U.N. envoy reveals extent of latest Libya violence

Members of the Libyan pro-government forces, backed by the locals, travel in an armoured vehicle during clashes in the streets with the Shura Council of Libyan Revolutionaries in Benghazi.

Members of the Libyan pro-government forces, backed by the locals, travel in an armoured vehicle during clashes in the streets with the Shura Council of Libyan Revolutionaries in Benghazi.


The U.N. envoy trying to broker a peace agreement in Libya on Saturday condemned another outbreak of violence and repeated calls for an immediate end to hostilities.

A U.N. Support Mission in Libya (UNSMIL) statement said Bernardino Leon “strongly condemned the renewed outbreak of violence in different neighborhoods of the Libyan capital that caused many casualties and endangered the lives of civilians”.

It said “initial reports indicate that three civilians were killed, including a young girl”, since fighting broke out Friday in Fashloum, a central district of Tripoli.

“There have also been reports of abductions of civilians and burning of houses,” the statement added.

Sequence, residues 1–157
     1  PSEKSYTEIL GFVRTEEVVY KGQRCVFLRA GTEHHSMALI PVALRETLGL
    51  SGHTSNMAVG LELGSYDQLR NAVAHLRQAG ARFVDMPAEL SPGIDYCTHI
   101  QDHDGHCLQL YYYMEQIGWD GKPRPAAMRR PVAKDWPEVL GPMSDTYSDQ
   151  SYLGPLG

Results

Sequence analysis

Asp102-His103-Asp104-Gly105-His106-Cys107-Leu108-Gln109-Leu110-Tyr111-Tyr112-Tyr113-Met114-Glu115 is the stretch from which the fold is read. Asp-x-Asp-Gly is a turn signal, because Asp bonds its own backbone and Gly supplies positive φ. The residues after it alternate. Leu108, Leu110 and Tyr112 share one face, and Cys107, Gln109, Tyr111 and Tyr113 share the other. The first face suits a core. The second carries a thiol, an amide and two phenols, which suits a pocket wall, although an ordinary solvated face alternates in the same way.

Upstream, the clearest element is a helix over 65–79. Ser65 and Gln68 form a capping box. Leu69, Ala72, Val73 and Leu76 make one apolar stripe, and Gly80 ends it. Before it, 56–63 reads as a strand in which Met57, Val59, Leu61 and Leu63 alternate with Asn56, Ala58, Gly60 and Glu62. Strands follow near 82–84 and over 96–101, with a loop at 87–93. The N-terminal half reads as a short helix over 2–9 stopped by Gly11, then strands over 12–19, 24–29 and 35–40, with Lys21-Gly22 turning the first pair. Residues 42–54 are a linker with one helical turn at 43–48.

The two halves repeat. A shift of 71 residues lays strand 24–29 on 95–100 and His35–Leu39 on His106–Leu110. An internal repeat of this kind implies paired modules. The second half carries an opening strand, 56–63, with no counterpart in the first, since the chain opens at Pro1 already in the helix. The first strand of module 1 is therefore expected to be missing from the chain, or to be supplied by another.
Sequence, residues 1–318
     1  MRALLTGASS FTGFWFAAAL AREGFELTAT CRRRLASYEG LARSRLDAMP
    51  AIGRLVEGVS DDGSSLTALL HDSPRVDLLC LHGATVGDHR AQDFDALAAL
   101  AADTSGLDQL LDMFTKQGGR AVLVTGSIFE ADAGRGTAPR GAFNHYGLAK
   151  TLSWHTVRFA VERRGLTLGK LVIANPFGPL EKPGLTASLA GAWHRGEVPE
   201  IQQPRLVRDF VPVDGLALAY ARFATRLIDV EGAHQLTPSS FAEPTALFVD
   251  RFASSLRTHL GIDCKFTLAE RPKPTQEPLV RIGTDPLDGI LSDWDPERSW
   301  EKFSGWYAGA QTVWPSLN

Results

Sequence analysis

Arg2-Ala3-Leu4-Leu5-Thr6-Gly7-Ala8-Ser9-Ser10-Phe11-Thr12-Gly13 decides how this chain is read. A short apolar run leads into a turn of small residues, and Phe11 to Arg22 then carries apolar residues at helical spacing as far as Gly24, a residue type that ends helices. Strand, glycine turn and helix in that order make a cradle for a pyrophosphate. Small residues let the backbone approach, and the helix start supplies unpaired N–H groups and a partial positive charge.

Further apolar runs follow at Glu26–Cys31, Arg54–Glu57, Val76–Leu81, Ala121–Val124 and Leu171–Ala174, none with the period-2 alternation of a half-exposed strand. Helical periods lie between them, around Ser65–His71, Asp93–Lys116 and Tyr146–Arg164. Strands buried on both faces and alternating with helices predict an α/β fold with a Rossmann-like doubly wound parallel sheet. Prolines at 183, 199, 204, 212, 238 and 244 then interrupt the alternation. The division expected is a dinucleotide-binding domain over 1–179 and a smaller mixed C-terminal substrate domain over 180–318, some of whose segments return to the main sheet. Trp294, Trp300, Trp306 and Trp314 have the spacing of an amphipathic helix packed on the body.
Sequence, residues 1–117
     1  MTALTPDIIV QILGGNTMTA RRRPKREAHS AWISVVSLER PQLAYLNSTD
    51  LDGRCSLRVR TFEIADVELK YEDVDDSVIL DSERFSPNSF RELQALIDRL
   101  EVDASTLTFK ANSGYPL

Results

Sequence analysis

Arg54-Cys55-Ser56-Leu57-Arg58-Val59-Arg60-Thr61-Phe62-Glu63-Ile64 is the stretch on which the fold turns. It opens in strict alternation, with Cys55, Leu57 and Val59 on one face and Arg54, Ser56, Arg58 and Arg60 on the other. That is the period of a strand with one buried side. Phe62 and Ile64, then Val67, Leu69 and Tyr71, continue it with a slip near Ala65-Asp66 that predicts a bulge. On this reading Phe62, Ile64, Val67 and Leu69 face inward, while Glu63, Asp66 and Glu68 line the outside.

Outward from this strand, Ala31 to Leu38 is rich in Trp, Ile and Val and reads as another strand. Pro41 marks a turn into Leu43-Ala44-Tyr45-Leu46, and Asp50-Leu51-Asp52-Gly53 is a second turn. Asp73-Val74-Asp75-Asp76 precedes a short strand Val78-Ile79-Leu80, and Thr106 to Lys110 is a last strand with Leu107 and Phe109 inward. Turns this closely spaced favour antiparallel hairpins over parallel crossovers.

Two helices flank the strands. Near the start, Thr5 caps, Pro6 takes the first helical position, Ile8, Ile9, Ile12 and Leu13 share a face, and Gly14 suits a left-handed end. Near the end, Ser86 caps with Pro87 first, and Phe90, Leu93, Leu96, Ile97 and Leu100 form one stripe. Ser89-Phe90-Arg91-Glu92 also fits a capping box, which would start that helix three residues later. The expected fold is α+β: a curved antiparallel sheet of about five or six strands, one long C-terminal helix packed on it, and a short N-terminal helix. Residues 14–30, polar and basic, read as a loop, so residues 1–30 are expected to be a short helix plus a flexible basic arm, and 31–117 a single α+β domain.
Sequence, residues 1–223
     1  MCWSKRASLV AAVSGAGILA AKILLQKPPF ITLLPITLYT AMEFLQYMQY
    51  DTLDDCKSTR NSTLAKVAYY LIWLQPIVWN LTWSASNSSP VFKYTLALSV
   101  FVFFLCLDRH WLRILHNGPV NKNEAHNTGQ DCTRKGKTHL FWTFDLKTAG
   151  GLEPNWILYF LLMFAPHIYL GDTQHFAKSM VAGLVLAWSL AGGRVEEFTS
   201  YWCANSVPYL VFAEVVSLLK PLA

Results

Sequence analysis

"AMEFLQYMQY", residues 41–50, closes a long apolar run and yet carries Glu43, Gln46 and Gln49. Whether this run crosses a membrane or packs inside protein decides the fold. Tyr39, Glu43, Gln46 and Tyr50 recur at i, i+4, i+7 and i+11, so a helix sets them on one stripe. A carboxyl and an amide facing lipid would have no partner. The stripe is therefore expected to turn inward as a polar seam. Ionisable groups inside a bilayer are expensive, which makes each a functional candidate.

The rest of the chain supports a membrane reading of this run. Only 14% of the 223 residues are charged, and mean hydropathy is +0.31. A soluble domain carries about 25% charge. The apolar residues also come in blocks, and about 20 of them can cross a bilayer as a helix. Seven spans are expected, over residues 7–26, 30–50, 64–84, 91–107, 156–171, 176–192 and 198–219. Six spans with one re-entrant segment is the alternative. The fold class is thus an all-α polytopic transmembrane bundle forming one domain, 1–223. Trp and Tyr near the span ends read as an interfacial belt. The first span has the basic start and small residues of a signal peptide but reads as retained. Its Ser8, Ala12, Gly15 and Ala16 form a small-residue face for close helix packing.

Leon stressed that, as Libyan political factions are gathered in Morocco in a bid to find a mediated settlement to the crisis in the North African country, there can be “no justification whatsoever” for clashes.

He called on the sides to “exert all efforts to bring an immediate end to the fighting in Tripoli and elsewhere, and to undertake all necessary measures to create a more conducive environment for the on-going dialogue”.

And he urged them to ensure that civilians and their property “are not targeted in the fighting and that international human rights and humanitarian law are respected.

“All civilians abducted should be released immediately, and the wounded given access to medical treatment,” Leon added.

Libya has been divided since the 2011 uprising that toppled and killed dictator Muammar Qaddafi, with the two opposing governments and parliaments and armed groups now battling to control its cities and oil wealth.

On March 24, UNSMIL unveiled a six-point plan to end the crisis, including the formation of a transitional unity government until a new constitution is adopted and elections held.

Talks on that plan are under way in Morocco, where another round might take place on Sunday.


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